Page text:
Estimates of incidence and prevalence are needed to determine disease risk and to plan for health service needs. Although the province of Nova Scotia, Canada is located in a region considered to have a high prevalence of multiple sclerosis (MS), epidemiologic data are limited.
We aimed to validate an administrative case definition for MS and to use this to estimate the incidence and prevalence of MS in Nova Scotia.
We used provincial administrative claims data to identify persons with MS. We validated administrative case definitions using the clinical database of the province's only MS Clinic; agreement between data sources was expressed using a kappa statistic. We then applied these definitions to estimate the incidence and prevalence of MS from 1990 to 2010.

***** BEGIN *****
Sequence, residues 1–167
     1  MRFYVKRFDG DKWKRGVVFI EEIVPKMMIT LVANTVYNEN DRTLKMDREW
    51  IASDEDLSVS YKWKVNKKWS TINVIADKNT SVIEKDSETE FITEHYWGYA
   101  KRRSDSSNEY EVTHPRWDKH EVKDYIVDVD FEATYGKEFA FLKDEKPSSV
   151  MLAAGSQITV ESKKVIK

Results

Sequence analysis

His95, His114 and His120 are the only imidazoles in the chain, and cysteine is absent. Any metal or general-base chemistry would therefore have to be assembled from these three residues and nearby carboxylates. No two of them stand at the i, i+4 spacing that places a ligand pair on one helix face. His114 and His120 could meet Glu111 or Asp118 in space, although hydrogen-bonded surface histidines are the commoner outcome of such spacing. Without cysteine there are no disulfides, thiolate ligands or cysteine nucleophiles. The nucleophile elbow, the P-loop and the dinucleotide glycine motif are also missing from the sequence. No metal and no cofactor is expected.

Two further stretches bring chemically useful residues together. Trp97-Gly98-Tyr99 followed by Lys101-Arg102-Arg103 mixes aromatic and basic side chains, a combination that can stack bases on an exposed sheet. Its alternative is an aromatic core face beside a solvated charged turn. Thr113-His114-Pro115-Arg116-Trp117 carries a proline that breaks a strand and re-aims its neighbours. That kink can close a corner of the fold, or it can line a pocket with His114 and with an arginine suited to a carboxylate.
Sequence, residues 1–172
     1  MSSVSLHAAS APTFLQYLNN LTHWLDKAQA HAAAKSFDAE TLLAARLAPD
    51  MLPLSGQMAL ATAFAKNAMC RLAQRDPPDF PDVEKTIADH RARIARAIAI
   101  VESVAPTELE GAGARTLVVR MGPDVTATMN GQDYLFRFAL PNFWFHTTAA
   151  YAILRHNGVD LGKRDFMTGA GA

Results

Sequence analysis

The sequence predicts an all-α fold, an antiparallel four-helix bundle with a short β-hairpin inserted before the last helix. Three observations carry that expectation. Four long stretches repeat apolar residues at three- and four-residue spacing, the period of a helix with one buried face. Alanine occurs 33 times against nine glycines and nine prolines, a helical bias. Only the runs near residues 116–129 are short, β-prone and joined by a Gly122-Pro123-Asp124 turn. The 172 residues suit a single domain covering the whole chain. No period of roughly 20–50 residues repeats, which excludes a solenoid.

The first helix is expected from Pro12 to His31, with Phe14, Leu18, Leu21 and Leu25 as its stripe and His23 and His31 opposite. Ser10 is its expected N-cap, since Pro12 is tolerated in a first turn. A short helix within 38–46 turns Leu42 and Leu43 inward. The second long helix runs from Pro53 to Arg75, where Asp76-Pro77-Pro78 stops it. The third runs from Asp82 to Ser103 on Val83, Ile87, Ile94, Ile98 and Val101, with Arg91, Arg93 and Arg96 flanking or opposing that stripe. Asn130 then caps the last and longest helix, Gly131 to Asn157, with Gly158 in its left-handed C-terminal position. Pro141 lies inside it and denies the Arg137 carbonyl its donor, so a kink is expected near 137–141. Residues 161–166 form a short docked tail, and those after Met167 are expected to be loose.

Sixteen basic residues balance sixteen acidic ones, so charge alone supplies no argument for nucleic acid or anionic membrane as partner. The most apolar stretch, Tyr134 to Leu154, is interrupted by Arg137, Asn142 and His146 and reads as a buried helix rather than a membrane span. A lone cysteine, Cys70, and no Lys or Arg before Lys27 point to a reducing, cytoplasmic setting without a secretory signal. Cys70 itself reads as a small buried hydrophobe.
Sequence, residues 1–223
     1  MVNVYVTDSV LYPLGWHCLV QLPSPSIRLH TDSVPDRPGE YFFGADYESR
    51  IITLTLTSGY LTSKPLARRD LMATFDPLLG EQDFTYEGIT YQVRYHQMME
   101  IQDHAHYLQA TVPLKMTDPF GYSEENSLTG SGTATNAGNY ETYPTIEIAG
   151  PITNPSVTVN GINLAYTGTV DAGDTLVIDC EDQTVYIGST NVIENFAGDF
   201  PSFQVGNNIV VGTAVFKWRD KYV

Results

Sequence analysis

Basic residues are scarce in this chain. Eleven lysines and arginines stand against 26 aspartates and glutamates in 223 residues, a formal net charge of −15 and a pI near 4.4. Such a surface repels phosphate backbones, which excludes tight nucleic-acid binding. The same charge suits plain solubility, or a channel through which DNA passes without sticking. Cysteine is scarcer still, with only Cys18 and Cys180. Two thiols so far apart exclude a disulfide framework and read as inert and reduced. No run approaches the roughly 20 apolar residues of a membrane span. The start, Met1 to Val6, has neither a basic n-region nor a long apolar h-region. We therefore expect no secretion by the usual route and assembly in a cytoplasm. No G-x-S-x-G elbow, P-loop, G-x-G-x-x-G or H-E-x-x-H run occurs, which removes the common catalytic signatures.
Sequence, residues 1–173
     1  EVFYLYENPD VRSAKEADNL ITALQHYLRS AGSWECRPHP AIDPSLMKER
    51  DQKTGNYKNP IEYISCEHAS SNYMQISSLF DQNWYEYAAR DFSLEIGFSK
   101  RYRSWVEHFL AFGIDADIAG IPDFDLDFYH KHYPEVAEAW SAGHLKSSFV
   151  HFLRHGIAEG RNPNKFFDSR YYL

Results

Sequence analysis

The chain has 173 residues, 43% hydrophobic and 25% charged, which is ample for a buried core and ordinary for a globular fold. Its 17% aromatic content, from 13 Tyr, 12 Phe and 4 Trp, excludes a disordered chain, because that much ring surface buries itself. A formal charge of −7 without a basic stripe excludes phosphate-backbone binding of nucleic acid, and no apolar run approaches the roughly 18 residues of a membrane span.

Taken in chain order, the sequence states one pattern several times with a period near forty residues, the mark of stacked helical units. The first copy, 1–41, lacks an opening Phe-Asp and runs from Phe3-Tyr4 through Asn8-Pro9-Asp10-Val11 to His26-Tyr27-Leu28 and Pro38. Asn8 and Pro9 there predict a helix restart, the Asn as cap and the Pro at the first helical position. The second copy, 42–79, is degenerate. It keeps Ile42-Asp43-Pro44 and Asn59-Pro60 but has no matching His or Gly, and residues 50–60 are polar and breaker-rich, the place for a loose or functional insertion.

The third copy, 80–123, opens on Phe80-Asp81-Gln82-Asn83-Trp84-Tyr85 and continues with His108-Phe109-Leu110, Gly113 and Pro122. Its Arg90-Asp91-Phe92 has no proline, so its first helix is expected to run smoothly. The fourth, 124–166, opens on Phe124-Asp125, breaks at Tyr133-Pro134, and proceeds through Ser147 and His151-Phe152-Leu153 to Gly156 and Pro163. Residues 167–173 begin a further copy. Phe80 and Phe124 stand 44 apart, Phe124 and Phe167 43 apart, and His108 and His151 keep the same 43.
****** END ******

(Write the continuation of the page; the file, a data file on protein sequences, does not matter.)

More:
We selected the case definition using ≥7 hospital or physician claims when >3 years of data were available, and ≥3 claims where less data were available. Agreement between data sources was moderate (kappa = 0.56), while the positive predictive value was high (89%). In 2010, the age-standardized prevalence of MS per 100,000 population was 266.9 (95% CI: 257.1- 277.1) and incidence was 5.17 (95% CI: 3.78-6.56) per 100,000 persons/year. From 1990-2010 the prevalence of MS rose steadily but incidence remained stable.
Administrative data provide a valid and readily available means of estimating MS incidence and prevalence. MS prevalence in Nova Scotia is among the highest in the world, similar to recent prevalence estimates elsewhere in Canada.